Billy Porter's Sondheim-meets-Shakespeare revue is well-sung but ultimately too pretentious for its own good.
Porter can certainly be patted on the back for trying something radically different with a body of work familiar to Broadway audiences and cabaret habitues. After all, tributes and homages to the 77-year-old composer-lyricist have been so commonplace for the last three decades that you gotta do something to stand out from the crowd. But in making certain this revue isn't simply another adulatory Sondheim grab bag, the intrepid Porter has gone too far in the other direction. It's not enough that he and arrangers/orchestrators James Sampliner, Joseph Joubert and Michael McElroy have jostled Sondheim's melodies into gospel, rhythm and blues, pop soul, and hip-hop patterns, but Porter has also forged a gilded-lily link to William Shakespeare.
The two wordsmiths have been paired before in West Side Story, which worked like gangbusters. But Porter's arranged marriage is a different matter. In hanging the show's narrative continuity on Jacques' "all the world's a stage" speech from As You Like It, Porter sets himself the task of depicting the seven ages of man (and woman) through the pithy phrases of both bards. What follows is 90 minutes of braiding fragments from 14 Shakespeare plays and sonnets with songs (or sometimes parts of songs) that Sondheim confected for 13 stage musicals, one movie (Dick Tracy) and a television musical (Evening Primrose).
For anyone counting, the song list is led by Into the Woods and Sweeney Todd, two of Sondheim's darker works. In the middle of humanity's seven ages, Porter sees marriage darkly, even inserting an oblique reference to "living on the down low," the term used in the black community to identify homosexual behavior among ostensibly heterosexual men. In a war sequence, he alludes to the above-mentioned Iraqi conflict -- a theatrical conceit nowadays becoming a cliche. And forget about much attention to humor. Apart from a segment where a hip gal wards off the moves of a would-be suitor, anything approaching the light touch is precluded.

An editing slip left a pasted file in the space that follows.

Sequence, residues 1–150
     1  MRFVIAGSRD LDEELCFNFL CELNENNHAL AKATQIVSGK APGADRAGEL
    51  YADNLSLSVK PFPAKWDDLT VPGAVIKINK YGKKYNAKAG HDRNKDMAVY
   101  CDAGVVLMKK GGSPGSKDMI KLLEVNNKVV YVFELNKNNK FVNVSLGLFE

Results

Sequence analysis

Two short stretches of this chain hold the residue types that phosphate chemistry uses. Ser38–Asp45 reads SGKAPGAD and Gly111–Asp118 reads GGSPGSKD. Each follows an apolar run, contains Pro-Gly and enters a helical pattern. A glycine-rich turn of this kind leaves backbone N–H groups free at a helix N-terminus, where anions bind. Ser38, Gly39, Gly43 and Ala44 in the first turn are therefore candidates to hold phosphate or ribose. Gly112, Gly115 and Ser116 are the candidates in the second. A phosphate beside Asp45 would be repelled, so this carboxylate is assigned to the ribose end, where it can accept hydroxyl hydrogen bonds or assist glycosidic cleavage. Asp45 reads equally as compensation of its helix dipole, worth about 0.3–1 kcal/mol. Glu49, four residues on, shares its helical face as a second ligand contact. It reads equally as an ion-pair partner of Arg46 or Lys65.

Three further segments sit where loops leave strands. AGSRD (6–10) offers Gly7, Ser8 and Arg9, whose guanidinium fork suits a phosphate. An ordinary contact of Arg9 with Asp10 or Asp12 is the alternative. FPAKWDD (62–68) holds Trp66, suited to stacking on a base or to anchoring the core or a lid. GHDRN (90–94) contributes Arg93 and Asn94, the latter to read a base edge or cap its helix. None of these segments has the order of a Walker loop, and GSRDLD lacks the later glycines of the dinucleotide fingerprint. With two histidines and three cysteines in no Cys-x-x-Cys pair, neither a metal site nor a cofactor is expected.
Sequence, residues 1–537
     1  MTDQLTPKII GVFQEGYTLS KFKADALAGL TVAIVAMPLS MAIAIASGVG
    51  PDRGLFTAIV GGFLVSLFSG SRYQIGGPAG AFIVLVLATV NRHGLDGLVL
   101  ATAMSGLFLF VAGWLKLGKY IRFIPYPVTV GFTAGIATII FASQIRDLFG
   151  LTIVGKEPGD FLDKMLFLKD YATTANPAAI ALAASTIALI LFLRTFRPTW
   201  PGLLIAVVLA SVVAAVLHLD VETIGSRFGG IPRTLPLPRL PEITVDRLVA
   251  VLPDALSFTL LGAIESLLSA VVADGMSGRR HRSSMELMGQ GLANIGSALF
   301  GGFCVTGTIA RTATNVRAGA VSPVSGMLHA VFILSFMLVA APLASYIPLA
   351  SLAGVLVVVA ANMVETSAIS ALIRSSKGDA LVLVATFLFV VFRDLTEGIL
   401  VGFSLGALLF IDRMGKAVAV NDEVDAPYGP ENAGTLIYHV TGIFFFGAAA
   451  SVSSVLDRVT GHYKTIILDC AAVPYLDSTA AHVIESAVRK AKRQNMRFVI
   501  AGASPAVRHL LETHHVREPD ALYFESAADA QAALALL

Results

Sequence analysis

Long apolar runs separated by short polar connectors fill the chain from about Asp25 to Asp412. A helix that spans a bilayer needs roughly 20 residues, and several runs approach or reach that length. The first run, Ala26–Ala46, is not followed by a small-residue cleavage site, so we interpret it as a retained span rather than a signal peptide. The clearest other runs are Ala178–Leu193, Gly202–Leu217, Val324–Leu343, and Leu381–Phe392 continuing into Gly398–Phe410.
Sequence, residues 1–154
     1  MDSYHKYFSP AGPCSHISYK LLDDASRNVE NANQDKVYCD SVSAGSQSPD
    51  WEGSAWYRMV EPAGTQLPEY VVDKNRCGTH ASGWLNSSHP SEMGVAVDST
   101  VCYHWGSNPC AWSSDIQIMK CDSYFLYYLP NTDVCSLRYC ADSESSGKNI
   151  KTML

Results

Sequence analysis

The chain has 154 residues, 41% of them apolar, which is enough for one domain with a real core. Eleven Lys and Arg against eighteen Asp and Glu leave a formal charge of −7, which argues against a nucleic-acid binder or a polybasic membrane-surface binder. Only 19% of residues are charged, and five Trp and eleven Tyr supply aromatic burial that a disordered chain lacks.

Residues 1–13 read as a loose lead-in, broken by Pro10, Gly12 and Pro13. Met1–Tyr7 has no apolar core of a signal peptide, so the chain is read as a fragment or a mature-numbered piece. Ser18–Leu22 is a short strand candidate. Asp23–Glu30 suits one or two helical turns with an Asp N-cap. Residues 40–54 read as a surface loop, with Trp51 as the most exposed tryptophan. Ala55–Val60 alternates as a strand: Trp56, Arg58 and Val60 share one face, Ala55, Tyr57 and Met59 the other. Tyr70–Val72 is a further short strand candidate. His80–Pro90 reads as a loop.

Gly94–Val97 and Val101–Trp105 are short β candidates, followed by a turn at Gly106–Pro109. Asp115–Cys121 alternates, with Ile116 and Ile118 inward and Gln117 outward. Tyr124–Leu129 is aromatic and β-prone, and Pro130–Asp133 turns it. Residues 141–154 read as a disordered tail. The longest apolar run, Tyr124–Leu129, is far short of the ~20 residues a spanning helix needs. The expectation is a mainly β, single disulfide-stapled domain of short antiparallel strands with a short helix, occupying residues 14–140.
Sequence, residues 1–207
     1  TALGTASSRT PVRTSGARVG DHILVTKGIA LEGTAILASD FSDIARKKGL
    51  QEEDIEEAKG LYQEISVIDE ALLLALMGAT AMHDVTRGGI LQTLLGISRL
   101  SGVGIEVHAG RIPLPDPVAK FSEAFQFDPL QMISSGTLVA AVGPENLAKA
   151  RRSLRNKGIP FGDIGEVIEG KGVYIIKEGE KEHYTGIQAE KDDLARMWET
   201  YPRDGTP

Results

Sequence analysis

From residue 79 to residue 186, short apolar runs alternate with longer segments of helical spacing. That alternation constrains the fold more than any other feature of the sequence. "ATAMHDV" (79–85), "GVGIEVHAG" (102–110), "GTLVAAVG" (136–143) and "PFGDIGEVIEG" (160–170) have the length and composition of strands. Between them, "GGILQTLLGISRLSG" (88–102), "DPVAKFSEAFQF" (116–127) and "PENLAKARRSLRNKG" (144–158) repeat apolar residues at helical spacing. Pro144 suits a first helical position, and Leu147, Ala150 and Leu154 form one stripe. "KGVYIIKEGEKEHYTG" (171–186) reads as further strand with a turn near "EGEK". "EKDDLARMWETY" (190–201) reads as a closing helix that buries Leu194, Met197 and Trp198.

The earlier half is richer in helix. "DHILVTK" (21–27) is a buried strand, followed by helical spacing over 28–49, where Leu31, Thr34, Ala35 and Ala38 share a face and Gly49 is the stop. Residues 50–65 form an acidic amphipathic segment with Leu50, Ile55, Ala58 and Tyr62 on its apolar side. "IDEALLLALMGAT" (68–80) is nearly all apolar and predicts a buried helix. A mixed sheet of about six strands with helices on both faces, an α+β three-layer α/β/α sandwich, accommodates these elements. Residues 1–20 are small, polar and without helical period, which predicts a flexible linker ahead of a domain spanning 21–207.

The enterprising Porter's enormous efforts pay off, however, in the playing and singing. Everyone in his tireless seven-person cast has a voice to thrill patrons to the marrow. Joshua Henry gives "I Remember" a touchingly ruminative turn. Ken Robinson's "Losing My Mind" is stunning, despite its being interrupted in the middle for simulated war-front camera activity. Chuck Cooper is handed "Being Alive" and conveys its urgent emotions beautifully. Leslie Odum Jr. makes something of the prosaic "I Wish I Could Forget You."
Although N'Kenge garbles "I Know Things Now," she struts as if she knows she's the slyest fox on the premises. Rema Webb, who also has a walk to turn heads for blocks, scintillates whenever she's tapped to solo. The same goes for Natalie Venetia Belcon, for whom Porter has transformed "Send in the Clowns" to a vocalized exercise reminiscent of Duke Ellington's "Creole Love Call." Jettisoning all but a few of Sondheim's unforgettable words doesn't work, but Belcon definitely does.